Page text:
(kr) wrote: Sud Pralad (Apichatpong Weerasethakul, 2004) Cahiers du Cinma, one of the most respected film journals in the world, named Sud Pralad (literally Strange Beast, though released in the west as Tropical Malady) the best movie of 2004. I'm not so sure about that; 2004 was one of the strongest years for movies in quite a while. Spain gave us El Maquinista, Korea Sigaw, Thailand Shutter, Japan Ika Resuraa (okay, I just threw that one in to see if you were paying attention, but it's a darned good time) and Vital, Italy The Heart Is Deceitful Above All Things, Argentina The Motorcycle Diaries, Norway Nor Noise, Denmark The Green Butchers, England Shaun of the Dead, Germany Der Untergang (the movie pretty much everyone else said was the best of 2004), and I could keep going on all day. Even on Cahiers' home turf, we had Saint Ange, the first film from a young director named Pascal Laugier, who is quickly becoming the best of his generation. But if you're going to go for the willfully obscure, you could do a lot worse than to seek out Apichatpong Weerasethakul, an American-educated Thai filmmaker whose work is well-informed by the Surrealist movement of the thirties and the folktales of his home country. Of course, I'm writing this in 2011, and Weerasethakul is no longer a director about whom most people's knowledge doesn't even stretch as far as how to pronounce his name; Uncle Boonmee Who Can See His Past Lives, Weerasthakul's sixth feature, has been tearing up festivals, including winning the Palme d'Or at the 2010 Cannes Film Festival. Maybe he'll finally start getting the recognition he deserves. He should have a decade ago; The Mysterious Object at Noon, his first feature, is a jaw-dropping experience in folklore, the nature of documentary, and the kind of gorgeous cinematography that has pervaded his films ever since. (Uncle Boonmee won for Best Cinematgraphy at Dubai, by the way.) But back in 2004, no one knew who this guy was, and so Sud Pralad, like The Mysterious Object at Noon before it, was sadly neglected, and still is. You should rectify this, though this is not Weerasthakul's best work. It starts off as a romance (if you passed over this when it popped up on Sundance because they labeled it a comedy, by the way, you can ignore that entirely) between Keng (Banlop Lonmoi in his only feature to date), a disaffected soldier, and Tong (Sakda Kaewbuadee, who has appeared in every feature Weerasthakul has made since this; in fact, he reprises his role as Tong in Uncle Boonmee), a young man from Keng's home village. The two of them are hesitant, and there's some difficulty since Keng is a naturally reticent type of guy, but romance blossoms. (There's a great, great scene in a cinema about halfway through the first part, the first scene in the film when we really get a sense that Keng is allowing himself to feel, that is in itself worth the price of admission.) Halfway through the film, we find ourselves back in Weerasethakul's obsession with Thai folktales, as Tong's role is recast. Keng is still a soldier, but he is now attached to a jungle regiment on the lookout for a supernatural beast, a shaman who can take the form of a tiger. It's been abducting local wildlife and the odd farm animal here and there, presumably for food, throughout the first half of the film, but when it starts taking villagers, it's time for the army to act. We know the story has fundamentally changed, and that this is a beast, not a human, but Weerasethakul still gives us Tong. It's not exactly subtle, is it? Not that it matters. The plot in a Weerasthakul film is always a secondary consideration; remember that he started out as a documentary, or at least a pseudo-documentary, filmmaker. He's more interested in the subjects he's exploring, be they people or folktales (and, like Errol Morris, he is also interested, maybe even more, in how the audience will react to them). He presents them beautifully, as is his wont, and through the wordlessness of the second half, which is presented with title cards, he draws our attention to the sounds of the forest, which are just slightly off, in keeping with the theme of the film's second half. That's the kind of attention to detail one should expect from a Weerasethakul film, and he delivers in spades. On the other side of the coin, the film does have its weaknesses. Most notably is the transition between the first and second halves of the film, which is jarring in the extreme, and is the number one complaint about it both in the reviews I've read and on discussion boards. I do understand why Weerasethakul chose such a jarring segue, and it does make sense, but I wonder how much of the feeling of transition would have been lost had the two halves of the story been joined more smoothly. I've already mentioned the film's only other major flaw, which is its odd heavy-handedness, but that's minor in the bigger scheme of things. If you're just discovering Weerasthakul, you have a wonderful journey in store. Start with The Mysterious Object at Noon and come to this one a little afterwards. ****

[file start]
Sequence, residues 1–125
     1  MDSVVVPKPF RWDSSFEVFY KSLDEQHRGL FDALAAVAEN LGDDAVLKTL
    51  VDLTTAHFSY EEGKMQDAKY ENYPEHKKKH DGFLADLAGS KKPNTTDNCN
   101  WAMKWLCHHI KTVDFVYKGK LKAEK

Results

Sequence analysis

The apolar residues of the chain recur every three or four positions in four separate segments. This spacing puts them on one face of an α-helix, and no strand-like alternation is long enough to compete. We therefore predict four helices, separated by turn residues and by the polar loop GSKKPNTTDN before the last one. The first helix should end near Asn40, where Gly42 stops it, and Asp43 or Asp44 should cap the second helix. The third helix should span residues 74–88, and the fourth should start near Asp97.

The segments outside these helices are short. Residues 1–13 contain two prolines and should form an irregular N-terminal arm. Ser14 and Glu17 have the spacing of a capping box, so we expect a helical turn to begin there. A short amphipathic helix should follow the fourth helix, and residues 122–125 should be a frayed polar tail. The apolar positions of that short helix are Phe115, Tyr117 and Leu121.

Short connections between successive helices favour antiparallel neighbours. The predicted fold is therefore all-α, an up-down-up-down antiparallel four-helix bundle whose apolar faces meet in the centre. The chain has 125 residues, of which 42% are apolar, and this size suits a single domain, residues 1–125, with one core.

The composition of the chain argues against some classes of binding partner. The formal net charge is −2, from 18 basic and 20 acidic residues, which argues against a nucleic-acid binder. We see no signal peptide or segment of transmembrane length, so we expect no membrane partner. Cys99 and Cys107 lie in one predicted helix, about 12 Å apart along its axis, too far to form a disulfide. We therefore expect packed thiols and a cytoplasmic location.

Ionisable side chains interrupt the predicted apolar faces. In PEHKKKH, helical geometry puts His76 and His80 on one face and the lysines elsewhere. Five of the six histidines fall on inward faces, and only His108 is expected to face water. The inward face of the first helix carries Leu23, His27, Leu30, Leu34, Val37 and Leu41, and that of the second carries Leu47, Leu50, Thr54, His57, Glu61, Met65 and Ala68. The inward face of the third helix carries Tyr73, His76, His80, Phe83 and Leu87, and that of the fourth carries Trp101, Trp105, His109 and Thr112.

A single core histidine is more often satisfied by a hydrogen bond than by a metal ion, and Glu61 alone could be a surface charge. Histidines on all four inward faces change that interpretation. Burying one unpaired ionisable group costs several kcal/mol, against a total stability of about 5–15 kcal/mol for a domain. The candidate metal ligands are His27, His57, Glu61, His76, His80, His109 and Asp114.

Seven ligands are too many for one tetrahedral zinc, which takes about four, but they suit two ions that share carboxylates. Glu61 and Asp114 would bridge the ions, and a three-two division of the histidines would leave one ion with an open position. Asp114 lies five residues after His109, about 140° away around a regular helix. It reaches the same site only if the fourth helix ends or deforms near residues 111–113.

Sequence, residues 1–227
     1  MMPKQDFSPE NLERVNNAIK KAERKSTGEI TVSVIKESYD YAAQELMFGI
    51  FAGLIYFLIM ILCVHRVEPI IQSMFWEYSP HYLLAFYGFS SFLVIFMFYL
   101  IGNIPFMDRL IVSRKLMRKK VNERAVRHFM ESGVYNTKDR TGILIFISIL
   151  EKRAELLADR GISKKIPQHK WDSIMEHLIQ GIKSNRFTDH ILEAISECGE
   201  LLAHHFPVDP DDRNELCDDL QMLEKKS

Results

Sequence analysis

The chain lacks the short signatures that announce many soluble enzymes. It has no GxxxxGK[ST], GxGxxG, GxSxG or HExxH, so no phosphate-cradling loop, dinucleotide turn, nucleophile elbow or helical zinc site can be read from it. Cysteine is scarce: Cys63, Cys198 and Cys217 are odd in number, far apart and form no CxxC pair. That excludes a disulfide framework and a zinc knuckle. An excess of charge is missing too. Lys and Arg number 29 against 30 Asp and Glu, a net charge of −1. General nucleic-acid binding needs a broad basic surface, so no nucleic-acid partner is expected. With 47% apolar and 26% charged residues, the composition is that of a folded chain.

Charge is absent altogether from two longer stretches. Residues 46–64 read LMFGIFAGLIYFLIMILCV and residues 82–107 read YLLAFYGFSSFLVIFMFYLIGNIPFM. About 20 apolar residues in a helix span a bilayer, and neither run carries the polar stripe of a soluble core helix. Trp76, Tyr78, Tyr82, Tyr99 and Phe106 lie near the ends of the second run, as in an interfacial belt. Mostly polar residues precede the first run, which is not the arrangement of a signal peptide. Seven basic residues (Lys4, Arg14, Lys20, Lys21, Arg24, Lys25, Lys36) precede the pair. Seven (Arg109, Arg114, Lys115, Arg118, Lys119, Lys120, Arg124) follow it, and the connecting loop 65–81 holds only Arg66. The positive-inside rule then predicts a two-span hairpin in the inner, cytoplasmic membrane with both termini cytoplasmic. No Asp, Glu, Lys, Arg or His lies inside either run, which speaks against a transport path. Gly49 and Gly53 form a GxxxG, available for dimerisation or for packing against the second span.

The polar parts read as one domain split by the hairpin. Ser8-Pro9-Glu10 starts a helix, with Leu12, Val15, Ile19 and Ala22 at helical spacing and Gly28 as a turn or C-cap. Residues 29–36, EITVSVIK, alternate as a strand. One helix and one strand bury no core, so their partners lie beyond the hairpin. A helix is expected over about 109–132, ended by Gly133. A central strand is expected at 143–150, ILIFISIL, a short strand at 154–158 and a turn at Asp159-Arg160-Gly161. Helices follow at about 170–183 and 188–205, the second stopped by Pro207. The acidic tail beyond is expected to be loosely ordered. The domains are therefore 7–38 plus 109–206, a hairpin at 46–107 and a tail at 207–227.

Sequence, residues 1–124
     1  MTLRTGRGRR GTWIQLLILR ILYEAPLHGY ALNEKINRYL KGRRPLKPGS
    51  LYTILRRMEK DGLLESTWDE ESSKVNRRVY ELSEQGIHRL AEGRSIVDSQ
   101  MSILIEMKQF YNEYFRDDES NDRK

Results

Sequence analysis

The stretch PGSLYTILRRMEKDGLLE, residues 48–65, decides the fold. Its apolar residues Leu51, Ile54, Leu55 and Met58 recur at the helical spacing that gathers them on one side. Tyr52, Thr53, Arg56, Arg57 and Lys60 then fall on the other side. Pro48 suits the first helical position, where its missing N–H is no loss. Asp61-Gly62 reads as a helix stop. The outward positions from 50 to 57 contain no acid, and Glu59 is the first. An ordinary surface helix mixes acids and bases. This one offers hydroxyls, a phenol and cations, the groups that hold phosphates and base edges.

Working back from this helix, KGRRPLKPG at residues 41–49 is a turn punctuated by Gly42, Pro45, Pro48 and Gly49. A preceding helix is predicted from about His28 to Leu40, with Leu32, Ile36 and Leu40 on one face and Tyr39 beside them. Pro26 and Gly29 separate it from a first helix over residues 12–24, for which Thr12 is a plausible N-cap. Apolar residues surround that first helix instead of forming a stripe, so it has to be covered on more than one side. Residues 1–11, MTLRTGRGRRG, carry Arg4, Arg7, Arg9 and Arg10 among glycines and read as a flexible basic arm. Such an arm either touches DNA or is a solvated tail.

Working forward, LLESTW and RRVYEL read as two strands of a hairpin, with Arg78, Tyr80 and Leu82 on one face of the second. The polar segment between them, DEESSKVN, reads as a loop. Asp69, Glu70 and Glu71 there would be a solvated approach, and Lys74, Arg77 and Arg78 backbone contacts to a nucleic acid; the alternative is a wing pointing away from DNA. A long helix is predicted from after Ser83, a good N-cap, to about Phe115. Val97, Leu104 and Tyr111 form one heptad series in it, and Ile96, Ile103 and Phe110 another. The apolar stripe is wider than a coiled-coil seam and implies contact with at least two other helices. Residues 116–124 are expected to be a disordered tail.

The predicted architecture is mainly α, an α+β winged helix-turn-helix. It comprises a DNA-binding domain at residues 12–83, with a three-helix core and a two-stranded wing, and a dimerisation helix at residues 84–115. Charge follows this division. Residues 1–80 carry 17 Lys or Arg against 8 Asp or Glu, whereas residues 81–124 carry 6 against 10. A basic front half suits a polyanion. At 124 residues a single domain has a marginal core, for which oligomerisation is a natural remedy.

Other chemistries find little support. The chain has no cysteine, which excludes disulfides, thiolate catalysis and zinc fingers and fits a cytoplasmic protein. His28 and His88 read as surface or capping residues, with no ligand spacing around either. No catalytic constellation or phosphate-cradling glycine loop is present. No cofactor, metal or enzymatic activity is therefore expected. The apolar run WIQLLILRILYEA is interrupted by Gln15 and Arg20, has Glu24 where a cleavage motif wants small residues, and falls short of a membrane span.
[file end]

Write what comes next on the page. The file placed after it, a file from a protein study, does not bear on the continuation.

(ca) wrote: A Civil War romantic drama in which the romantic leads are the least interesting characters on screen. Based on the Charles Frazier novel, inspired by Homer's epic poem "The Odyssey," Jude Law is a wounded Confederate soldier, turned deserter, who treks the 300 miles home to his beloved (Nicole Kidman) in provincial North Carolina. Written and directed by Anthony Minghella, this self-important, middle-of-the-road epic inconceivably ignores slavery, but expects us to care about this vapid romance. We hear Kidman's voice on the soundtrack, in somber tones, reading aloud letters addressed to Law. Whatever passion these characters are supposed to feel for each other has been muted. Law is made righteous; Kidman is rendered helpless; resulting in a negligible romance. Dramatically inert, especially in the first hour, until Renee Zellweger appears as a scruffy, gasbag farmhand hired to toil for Kidman. Zellweger gives the movie pep, but she squints often and talks out of the side of her twisted mouth, in a conspicuous, irksome performance. Natalie Portman is quietly affecting as a lonely young widow with a baby, whom Law aids when confronted by Union soldiers. There are fine, realistic battle scenes that show the brutality of war, but falter into incoherence. Zellweger won the Oscar as Best Supporting Actress. The cast includes Eileen Atkins, Kathy Baker, Brendan Gleeson, Philip Seymour Hoffman, Cillian Murphy, Giovanni Ribisi, Donald Sutherland, and Ray Winstone. Cinematography is by John Seale, music is by Gabriel Yared, editing is by Walter Murch.